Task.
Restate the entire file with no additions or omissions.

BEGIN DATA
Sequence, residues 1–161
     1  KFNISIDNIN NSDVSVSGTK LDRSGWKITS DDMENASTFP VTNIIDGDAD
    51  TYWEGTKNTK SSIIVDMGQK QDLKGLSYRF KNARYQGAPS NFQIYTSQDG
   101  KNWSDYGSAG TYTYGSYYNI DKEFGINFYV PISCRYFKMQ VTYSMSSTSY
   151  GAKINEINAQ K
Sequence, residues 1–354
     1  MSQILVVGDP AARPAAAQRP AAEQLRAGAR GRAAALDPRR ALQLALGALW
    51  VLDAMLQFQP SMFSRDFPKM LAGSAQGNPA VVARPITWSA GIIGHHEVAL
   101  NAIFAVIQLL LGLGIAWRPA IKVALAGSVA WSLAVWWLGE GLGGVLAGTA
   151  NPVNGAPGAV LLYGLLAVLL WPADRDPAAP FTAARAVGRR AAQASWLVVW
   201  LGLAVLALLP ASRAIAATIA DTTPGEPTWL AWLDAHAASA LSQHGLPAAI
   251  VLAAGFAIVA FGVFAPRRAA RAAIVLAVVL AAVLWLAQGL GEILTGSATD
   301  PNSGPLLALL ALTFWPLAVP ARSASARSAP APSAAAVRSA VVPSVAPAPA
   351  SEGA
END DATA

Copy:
Sequence, residues 1–161
     1  KFNISIDNIN NSDVSVSGTK LDRSGWKITS DDMENASTFP VTNIIDGDAD
    51  TYWEGTKNTK SSIIVDMGQK QDLKGLSYRF KNARYQGAPS NFQIYTSQDG
   101  KNWSDYGSAG TYTYGSYYNI DKEFGINFYV PISCRYFKMQ VTYSMSSTSY
   151  GAKINEINAQ K
Sequence, residues 1–354
     1  MSQILVVGDP AARPAAAQRP AAEQLRAGAR GRAAALDPRR ALQLALGALW
    51  VLDAMLQFQP SMFSRDFPKM LAGSAQGNPA VVARPITWSA GIIGHHEVAL
   101  NAIFAVIQLL LGLGIAWRPA IKVALAGSVA WSLAVWWLGE GLGGVLAGTA
   151  NPVNGAPGAV LLYGLLAVLL WPADRDPAAP FTAARAVGRR AAQASWLVVW
   201  LGLAVLALLP ASRAIAATIA DTTPGEPTWL AWLDAHAASA LSQHGLPAAI
   251  VLAAGFAIVA FGVFAPRRAA RAAIVLAVVL AAVLWLAQGL GEILTGSATD
   301  PNSGPLLALL ALTFWPLAVP ARSASARSAP APSAAAVRSA VVPSVAPAPA
   351  SEGA